It would take another seven years before she could give up her day job but she continued to donate the leftovers to various charities after each event with her hosts’ permission. Then finally, OzHarvest was up and running with just one refrigerated van.

Granted there were a few speed bumps along the way with legislation put in place to prevent the charity from collecting unwanted food. It was a question of liability. But Ronni Kahn is a person who thrives on challenges, so she fought this with a team of lawyers who were prepared to work pro bono and won.

“I never take no for an answer, “ she explains. 

Soon everyone was getting behind OzHarvest including supermarket chains and major restaurateurs, along with many of Australia’s top chefs.

Pictured: Craig Reucassel, Ronni, Neil Perry

 

Society’s Marginalised Are Always Treated With Dignity

Not so long ago, Ronni was back organising a massive banquet with these chefs but this time it was her clients who were the recipients of her abundance. They were treated to the best food and celebrated in a night, which helped to put the focus back on the charity and food waste.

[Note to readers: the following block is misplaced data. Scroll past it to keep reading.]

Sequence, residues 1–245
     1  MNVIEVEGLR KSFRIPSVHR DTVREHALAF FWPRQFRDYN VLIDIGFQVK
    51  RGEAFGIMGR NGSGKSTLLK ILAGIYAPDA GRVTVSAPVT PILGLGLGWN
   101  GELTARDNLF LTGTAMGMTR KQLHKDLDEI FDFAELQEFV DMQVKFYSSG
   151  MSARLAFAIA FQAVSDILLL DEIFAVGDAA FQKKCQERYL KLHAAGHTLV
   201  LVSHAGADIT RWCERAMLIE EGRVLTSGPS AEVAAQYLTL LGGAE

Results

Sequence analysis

Ronni Khan has now provided millions of meals for people right around Australia with an army of volunteers. She is now working with the United Nations Environment Program to combat food waste.  She is also working with the government here and key stakeholders to halve food waste nationally by 2030, as a member  of the Federal Government’s National Food Waste Strategy Steering Committee.

``It’s about people and the planet,” she says, “when food is dumped, it goes into landfill and  amplifies the climate crisis.”

Pictured: Oz Harvest volunteers

 

This September, Ronni Kahn turns 70 but she has no plans to slow down,as there’s so much more to be done, especially as the pandemic, coupled with rises in the cost of living has resulted in even more people going hungry.